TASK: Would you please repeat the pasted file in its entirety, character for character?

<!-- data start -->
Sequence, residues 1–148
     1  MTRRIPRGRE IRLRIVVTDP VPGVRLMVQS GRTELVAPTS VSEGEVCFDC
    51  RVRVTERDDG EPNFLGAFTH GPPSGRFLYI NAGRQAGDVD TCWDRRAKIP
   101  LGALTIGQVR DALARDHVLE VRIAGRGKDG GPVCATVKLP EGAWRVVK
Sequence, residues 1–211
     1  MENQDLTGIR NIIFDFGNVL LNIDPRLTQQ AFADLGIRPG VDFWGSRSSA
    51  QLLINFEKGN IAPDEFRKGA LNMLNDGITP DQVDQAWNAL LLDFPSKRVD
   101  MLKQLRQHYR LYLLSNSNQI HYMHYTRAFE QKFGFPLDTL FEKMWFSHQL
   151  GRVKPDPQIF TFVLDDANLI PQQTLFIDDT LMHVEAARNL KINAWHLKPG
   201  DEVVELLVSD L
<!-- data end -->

Sequence, residues 1–148
     1  MTRRIPRGRE IRLRIVVTDP VPGVRLMVQS GRTELVAPTS VSEGEVCFDC
    51  RVRVTERDDG EPNFLGAFTH GPPSGRFLYI NAGRQAGDVD TCWDRRAKIP
   101  LGALTIGQVR DALARDHVLE VRIAGRGKDG GPVCATVKLP EGAWRVVK
Sequence, residues 1–211
     1  MENQDLTGIR NIIFDFGNVL LNIDPRLTQQ AFADLGIRPG VDFWGSRSSA
    51  QLLINFEKGN IAPDEFRKGA LNMLNDGITP DQVDQAWNAL LLDFPSKRVD
   101  MLKQLRQHYR LYLLSNSNQI HYMHYTRAFE QKFGFPLDTL FEKMWFSHQL
   151  GRVKPDPQIF TFVLDDANLI PQQTLFIDDT LMHVEAARNL KINAWHLKPG
   201  DEVVELLVSD L